The PooledOptimizer assigns identifiers that are smaller than the sequence value it read. This is different from our initial example, where sequence values smaller than or equal to the current are assumed to already have been assigned. Using both these methods together on the same sequence table row will lead to identifier clashes.

The PooledLoOptimizer works in a very similar manner, except it considers the next sequence value to be the lower bound of its pool of identifiers.

The pooled-lo optimizer interprets the next sequence value as the lower bound for its pool of identifiers.
The pooled-lo optimizer interprets the next sequence value as the lower bound for its pool of identifiers.

The HiLoOptimizer only increments the sequence value by 1 at a time. However, it considers each sequence value as representing a pool of identifiers with the upper bound being (next sequence value ⋅ allocation size). If the next sequence value is 1, the upper bound would in our case be 1 ⋅ 3 = 3, and cover the identifiers 1, 2, and 3. If the next sequence value is 2, the upper bound would be 2 ⋅ 3 = 6, and cover the identifiers 4, 5, and 6.

The hi-lo optimizer interprets each sequence value as representing a pool of identifiers with an upper bound of (next sequence value ⋅ allocation size). If the next sequence value is 8, the upper bound is (8 ⋅ 3 = 24) given an allocation size of 3.
The hi-lo optimizer interprets each sequence value as representing a pool of identifiers with an upper bound of (next sequence value ⋅ allocation size). If the next sequence value is 8, the upper bound is (8 ⋅ 3 = 24) given an allocation size of 3.

There is also a LegacyHiLoAlgorithmOptimizer that for legacy reasons works in mysterious ways.

The legacy hi-lo optimizer works in mysterious ways.
The legacy hi-lo optimizer works in mysterious ways.

Finally, the NoopOptimizer performs no optimization, and if the allocation size is 1, it would work as our first example. By default the allocation size is 50, causing it to skip values as it increments the sequence value by the allocation size.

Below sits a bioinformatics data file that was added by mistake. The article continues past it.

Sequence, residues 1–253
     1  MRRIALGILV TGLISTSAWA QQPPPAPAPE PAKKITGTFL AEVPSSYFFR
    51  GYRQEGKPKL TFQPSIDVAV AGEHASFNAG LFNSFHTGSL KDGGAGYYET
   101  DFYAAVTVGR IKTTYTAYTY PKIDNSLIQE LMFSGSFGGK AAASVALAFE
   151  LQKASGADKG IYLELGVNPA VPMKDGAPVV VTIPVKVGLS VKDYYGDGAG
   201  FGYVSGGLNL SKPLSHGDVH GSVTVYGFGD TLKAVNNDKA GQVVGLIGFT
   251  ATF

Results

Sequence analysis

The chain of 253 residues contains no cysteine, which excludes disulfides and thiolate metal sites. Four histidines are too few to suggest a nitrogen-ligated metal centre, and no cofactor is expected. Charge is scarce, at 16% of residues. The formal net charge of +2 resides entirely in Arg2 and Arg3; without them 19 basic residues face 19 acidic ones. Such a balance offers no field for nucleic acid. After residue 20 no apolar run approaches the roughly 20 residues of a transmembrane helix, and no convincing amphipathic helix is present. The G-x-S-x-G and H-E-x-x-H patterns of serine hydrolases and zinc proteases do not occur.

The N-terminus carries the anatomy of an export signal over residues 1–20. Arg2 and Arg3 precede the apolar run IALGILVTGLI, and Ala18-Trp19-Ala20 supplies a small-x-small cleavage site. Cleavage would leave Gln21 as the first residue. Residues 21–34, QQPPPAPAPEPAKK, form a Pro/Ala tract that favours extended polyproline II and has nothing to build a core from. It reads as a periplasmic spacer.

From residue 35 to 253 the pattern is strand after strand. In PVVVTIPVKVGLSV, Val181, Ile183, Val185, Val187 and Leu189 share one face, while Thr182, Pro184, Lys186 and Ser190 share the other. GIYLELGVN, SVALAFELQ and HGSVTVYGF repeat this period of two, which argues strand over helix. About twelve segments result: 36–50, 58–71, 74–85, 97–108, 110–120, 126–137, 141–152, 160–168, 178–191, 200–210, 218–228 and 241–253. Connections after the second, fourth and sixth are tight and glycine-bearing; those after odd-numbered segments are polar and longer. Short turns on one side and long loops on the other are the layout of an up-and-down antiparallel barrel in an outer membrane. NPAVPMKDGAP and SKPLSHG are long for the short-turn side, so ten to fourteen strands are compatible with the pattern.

The no-op optimizer performs no optimization, but still increases the sequence value by the allocation size.
The no-op optimizer performs no optimization, but still increases the sequence value by the allocation size.

There is a PooledLoThreadLocalOptimizer variant of the PooledLoOptimizer. For thread safety, all other optimizers read the next sequence value and initialize their pools of identifiers in a synchronized method. The PooledLoThreadLocalOptimizer has a separate pool of identifiers per thread, and can therefore avoid the use of synchronization and its possible performance costs.

Configuring the optimizer to use

The optimizer to use can be set through the hibernate.id.optimizer.pooled.preferred property. The Spring equivalent is spring.jpa.properties.hibernate.id.optimizer.pooled.preferred.

The possible values are none for NoopOptimizer, hilo for HiLoOptimizer, legacy-hilo for LegacyHiLoAlgorithmOptimizer, pooled for PooledOptimizer (default), pooled-lo for PooledLoOptimizer, and pooled-lotl for PooledLoThreadLocalOptimizer.

The end.